Telcos Are Racing to Redefine Themselves to Capture Broadband Users, IDC Says
FRAMINGHAM, Mass., May 4, 1999 — As the Internet accelerates change in the telecommunications industry, major telecommunications vendors are quickly moving to redefine themselves as all-purpose communications companies. According to a new report from International Data Corporation (IDC), local exchange carriers (LECs) and cable companies understand that a successful broadband play is going to be a critical component in winning this race.
"For an industry that was dominated 20 years ago by a monopoly and an any-color-you-like-as-long-as-you-like-black mentality, the emergence of the Internet and other new technologies presents unfamiliar challenges," said Tom Kiersted, senior analyst with IDC's Telecommunications Brands and Bundles research program.
According to IDC, among the hurdles in the residential broadband race is figuring out how to successfully brand and market competing services. Currently, the two leading broadband technologies are DSL and cable modem. "The pitch for both flavors of service sounds very similar — with the key being speed," Kiersted said. "And with LECs cutting the price of DSL, the price competition is getting fierce. So, the ability to establish and build successful broadband brands is a key factor in winning this race."
Both cable companies and LECs have a legacy they will have to overcome to gain enthusiastic consumer adoption of their broadband solutions. Many observers viewed the LECs' introduction of ISDN service a few years ago as very unsuccessful. And as for the cable companies, consumers generally rank cable vendors among the least satisfying of any telecom service providers.
"The biggest hurdles that data over cable will need to clear are the reputation cable providers have earned with consumers in the cable television market and proving that the technology can and will keep up with demand to successfully deliver on the promises of their services," Kiersted said.
Despite cable's bad reputation, the jump it has on DSL gives it an immediate advantage in the market. "If a consumer wants broadband access badly enough, he will buy whatever is available from whoever is selling — even if it is cable," Kiersted said. "First-to-market will continue to have a major impact in the near future adoption of DSL or cable modem technology."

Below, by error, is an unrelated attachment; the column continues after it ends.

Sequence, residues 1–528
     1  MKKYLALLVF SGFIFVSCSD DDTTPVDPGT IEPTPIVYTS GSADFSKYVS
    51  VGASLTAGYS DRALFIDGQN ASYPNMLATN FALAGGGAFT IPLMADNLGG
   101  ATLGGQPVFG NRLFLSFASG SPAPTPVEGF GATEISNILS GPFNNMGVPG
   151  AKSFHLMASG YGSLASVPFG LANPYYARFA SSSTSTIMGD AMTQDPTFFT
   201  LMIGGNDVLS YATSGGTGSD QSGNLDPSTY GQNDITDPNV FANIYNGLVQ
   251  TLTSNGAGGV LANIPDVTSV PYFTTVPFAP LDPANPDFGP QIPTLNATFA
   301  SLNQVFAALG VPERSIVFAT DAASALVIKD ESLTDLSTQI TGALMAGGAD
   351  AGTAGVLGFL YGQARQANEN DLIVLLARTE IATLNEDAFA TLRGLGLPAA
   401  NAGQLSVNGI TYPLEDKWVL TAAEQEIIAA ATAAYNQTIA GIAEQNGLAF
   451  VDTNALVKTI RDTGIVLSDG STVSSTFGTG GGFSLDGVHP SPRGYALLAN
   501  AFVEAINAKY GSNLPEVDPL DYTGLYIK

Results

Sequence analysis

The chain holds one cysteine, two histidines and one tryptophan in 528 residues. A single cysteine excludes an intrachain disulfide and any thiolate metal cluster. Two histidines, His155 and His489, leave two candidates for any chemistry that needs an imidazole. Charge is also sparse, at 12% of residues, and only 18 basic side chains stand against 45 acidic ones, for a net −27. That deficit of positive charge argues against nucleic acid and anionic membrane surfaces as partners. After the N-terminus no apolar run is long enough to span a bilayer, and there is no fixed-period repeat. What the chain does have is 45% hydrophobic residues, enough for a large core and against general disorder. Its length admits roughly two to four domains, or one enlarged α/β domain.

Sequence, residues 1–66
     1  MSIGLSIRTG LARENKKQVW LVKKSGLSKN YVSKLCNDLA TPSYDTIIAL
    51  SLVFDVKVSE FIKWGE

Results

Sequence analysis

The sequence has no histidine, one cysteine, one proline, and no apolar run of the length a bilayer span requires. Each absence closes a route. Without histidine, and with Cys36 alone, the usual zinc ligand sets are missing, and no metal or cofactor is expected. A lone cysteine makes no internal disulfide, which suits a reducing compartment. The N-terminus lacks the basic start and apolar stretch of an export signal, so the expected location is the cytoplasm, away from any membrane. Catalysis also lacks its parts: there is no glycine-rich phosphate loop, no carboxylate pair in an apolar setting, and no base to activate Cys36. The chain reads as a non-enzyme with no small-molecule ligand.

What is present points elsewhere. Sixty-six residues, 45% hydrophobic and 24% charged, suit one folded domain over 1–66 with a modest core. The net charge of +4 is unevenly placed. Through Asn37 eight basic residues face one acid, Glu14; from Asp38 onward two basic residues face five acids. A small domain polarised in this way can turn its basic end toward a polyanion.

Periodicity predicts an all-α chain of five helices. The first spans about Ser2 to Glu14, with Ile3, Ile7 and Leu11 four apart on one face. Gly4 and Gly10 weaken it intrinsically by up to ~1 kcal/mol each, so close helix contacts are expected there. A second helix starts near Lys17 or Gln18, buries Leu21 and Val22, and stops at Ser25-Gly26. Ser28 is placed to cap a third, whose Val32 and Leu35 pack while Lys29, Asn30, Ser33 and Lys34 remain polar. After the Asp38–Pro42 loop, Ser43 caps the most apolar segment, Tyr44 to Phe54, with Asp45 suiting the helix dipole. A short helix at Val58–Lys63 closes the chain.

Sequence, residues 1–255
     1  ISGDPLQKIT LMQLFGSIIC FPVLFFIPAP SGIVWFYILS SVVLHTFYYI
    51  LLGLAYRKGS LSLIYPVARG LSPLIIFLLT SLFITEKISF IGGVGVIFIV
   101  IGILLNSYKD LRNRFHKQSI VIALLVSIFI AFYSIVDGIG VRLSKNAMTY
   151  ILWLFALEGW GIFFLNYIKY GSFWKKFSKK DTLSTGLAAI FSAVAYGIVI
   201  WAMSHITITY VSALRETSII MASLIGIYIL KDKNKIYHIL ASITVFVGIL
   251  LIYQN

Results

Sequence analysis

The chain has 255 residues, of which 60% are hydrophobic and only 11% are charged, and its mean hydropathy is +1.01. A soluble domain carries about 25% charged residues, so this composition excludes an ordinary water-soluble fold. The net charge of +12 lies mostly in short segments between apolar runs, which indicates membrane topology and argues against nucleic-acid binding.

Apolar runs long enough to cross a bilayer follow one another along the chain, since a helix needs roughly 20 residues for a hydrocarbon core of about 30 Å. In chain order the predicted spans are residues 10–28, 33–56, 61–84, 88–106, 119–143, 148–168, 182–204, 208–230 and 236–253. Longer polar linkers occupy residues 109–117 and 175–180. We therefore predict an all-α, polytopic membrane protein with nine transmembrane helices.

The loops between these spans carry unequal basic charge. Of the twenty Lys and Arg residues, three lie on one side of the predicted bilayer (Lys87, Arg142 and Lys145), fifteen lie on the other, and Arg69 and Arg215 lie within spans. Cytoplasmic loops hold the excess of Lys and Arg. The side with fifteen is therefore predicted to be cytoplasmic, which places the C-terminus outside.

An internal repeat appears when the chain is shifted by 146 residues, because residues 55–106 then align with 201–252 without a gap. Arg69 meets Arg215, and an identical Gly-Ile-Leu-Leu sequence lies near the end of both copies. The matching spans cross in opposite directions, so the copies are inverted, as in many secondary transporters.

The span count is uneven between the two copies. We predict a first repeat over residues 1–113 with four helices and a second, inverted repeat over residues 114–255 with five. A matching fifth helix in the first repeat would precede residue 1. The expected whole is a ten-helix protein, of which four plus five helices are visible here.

Broadband Branding: Bonanza or Bust (IDC #B18555) examines the market for broadband technology. It discusses the players and their product offerings, positions DSL versus cable modems and examines their strengths and weaknesses, profiles broadband customers, and highlights a shopper's experience while trying to purchase DSL and cable modem service. The report concludes with a discussion on factors that will influence the future of broadband brands. To order a copy, contact Janis Dempsey at 1-800-343-4952, ext. 4145 or at email@example.com.
International Data Corporation is the information technology industry's most comprehensive resource on worldwide IT markets, trends, products, vendors, and geographies. IDC provides data, analysis, and advisory services to the world's leading IT suppliers as well as IS professionals in finance, insurance, entertainment, advertising, consumer goods, and publishing. IDC's research and opinions are based on the results of more than 300,000 end-user surveys, in-depth competitive analysis, broad technology coverage, and strategic analysis. IDC is committed to providing global research with local content through its 500 analysts in more than 40 countries worldwide. Additional information on IDC can be found on its Web site at http://www.idc.com.
IDC is a division of International Data Group, the world's leading IT media, research, and exposition company.
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